Overall, the risk here seems limited. The biggest worry is for datacenter and cloud operators but Plundervolt is a rather complex attack that's difficult to pull off. The attack does not require physical access but does require root access. You need to be able to run privileged code on the target machine and you need to be able to adjust the CPU's voltage (which is a feature that can be disabled in the BIOS).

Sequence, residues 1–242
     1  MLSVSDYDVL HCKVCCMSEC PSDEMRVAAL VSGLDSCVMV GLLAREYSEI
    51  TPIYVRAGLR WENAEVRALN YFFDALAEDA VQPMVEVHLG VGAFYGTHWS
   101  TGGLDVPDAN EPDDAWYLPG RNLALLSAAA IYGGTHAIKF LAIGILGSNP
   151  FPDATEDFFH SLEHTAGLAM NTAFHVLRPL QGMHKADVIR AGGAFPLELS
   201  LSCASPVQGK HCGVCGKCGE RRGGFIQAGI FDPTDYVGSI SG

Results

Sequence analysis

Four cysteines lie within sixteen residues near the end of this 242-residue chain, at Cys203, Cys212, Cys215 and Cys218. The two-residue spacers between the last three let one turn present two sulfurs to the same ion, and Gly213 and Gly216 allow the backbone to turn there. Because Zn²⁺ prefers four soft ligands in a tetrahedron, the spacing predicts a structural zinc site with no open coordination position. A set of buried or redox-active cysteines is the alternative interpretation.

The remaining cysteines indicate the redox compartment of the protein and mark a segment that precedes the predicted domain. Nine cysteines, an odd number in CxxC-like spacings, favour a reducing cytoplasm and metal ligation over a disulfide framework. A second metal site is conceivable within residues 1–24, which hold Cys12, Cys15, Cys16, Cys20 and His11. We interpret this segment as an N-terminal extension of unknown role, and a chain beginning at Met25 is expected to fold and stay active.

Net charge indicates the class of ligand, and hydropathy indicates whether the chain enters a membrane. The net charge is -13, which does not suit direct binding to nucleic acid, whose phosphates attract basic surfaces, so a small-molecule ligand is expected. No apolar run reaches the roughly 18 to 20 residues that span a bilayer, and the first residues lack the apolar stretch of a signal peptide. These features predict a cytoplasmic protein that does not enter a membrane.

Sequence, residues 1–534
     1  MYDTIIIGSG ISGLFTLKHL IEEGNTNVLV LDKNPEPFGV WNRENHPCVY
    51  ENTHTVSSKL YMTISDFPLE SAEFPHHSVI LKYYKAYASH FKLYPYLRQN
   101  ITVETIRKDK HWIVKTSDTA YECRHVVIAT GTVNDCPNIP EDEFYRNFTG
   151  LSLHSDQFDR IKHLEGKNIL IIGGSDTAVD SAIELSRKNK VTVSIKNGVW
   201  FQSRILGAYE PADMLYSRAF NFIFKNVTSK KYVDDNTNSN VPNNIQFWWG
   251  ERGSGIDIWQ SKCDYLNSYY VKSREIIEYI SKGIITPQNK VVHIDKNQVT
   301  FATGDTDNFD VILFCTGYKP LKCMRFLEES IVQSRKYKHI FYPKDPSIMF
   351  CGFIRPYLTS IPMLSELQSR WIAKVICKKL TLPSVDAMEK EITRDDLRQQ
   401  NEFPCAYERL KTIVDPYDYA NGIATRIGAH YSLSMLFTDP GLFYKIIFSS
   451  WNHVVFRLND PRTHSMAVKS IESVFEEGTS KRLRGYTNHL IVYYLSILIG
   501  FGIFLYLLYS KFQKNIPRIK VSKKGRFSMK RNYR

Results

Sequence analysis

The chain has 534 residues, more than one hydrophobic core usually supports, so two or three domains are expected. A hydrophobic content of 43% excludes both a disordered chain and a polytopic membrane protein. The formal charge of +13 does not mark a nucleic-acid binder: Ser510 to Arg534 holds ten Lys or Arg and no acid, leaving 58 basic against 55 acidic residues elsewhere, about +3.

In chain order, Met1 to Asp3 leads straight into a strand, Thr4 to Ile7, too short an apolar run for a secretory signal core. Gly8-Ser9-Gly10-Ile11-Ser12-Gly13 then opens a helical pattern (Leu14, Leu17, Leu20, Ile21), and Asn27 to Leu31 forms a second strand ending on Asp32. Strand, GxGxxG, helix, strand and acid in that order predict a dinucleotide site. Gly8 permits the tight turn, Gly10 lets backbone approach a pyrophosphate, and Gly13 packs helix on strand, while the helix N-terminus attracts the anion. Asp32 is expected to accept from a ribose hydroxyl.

But it turns out that subtle fluctuations in voltage powering the main CPU can corrupt the normal functioning inside the SGX. By subtly increasing or decreasing the current delivered to a CPU—operations known as "overvolting" and "undervolting"—a team of scientists has figured out how to induce SGX faults that leak cryptographic keys, break integrity assurances, and potentially induce memory errors that could be used in other types of attacks. While the exploit requires the execution of privileged code, it doesn't rely on physical access, raising the possibility of remote attacks.More details at ARS Technica. The vulnerability was discovered in June and got disclosed yesterday after Intel rolled out a microcode update.